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NEW DELHI: At a bright workshop in New Delhi, a group of female artisans surrounded by pieces of colorful fabric, stitch dolls and accessories to earn a livelihood from recycled fashion waste.

A large map of Afghanistan on the wall behind them acts as a reminder of the homeland they fled and do not know when they will be able to see again.

The workshop belongs to Silaiwali, a social eco-friendly enterprise founded in 2018 by French designer Iris Strill and her Indian husband Bish Moitra with the twin objective of helping Afghan refugee women stay afloat and finding a way to upcycle waste fabric from fashion houses, which normally would end up in landfills.

The company is certified by the World Fair Trade Organization and sells handicrafts at shops in 25 countries and online.

Thirty Afghan refugee women are based at the Delhi workshop.

“Most of these Afghan women already were into embroidery, stitching, and other artisanal activities and had some basic training from their homes, when we met them,” Moitra told Arab News.

“Their skills were further polished into preparing marketable products by finetuning their craft through a little training given by Iris.”

There are approximately 15,000 Afghan refugees in India, most of them living in and around the capital city. But since India is not a signatory to the UN refugee convention, they are not allowed to take up any regular jobs.

The Afghan women working for Silaiwali earn between $250 and $350 a month — a sum that helps them and their families in their daily expenses.

Stuffed fabric toys are made by Afghan refugee women at a workshop run by social enterprise Silaiwali in New Delhi. (AN Photo)

When the company started, it employed around 130 Afghan women. Most of them have already relocated to Canada with their families, and now 30 remain, also hoping to migrate.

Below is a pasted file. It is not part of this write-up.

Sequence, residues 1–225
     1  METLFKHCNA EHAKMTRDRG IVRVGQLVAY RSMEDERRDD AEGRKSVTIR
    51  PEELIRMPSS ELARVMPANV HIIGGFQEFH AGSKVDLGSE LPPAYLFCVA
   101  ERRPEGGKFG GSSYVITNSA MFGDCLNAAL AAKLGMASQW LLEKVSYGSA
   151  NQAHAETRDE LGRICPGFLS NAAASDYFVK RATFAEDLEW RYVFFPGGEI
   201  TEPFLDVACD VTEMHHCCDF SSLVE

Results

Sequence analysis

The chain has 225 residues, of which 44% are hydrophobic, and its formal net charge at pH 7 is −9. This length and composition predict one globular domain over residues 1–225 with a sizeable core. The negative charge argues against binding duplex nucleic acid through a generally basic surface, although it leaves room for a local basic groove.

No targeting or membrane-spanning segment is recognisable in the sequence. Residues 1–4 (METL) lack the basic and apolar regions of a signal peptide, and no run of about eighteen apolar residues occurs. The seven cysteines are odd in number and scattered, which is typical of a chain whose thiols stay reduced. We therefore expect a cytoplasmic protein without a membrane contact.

Mozghan Gawhary, 26, has been living in Delhi with her sister since 2018. They are waiting for their parents to join them. They would like to migrate together to Canada, which has been accepting Afghan refugees following Afghanistan’s takeover by the Taliban in 2021.

Gawhary is a computer science graduate from the University of Kabul, but she cannot find a proper job that would be related to her education. Stitching dolls, animal toys, and Christmas decorations, gives her some sense of stability.

“Despite being educated and degree holders, we are unable to get regular jobs in India as we don’t have Indian identity cards. We just get our stay visa extended every year,” she told Arab News.

“Our cousins, (parents) and grandparents are in Afghanistan, and we talk to them on the phone, as they can’t visit us, and we can’t go back there.”

For Nahid who has been living in India since 2012 and is raising her three children all by herself, working at Silaiwali is a way to make ends meet.

“Expenses are too much but we are managing,” she said, as she prepared cotton stuffing for toys.

The stories of her colleagues are similar.

Shekiba Ahmed, 45, traveled to India with her husband and five kids in 2013. Her husband does not work, and it is her and her elder son who are the family’s breadwinners.

She makes around 40 dolls a month and 15 animal toys to scrape by and while life is tough, she knows that at least her daughters can get an education in India. Back home, the Taliban have barred girls from school.

“My daughters can be educated here, which is not possible in Afghanistan,” she said.

“Me and my children feel safe here.”

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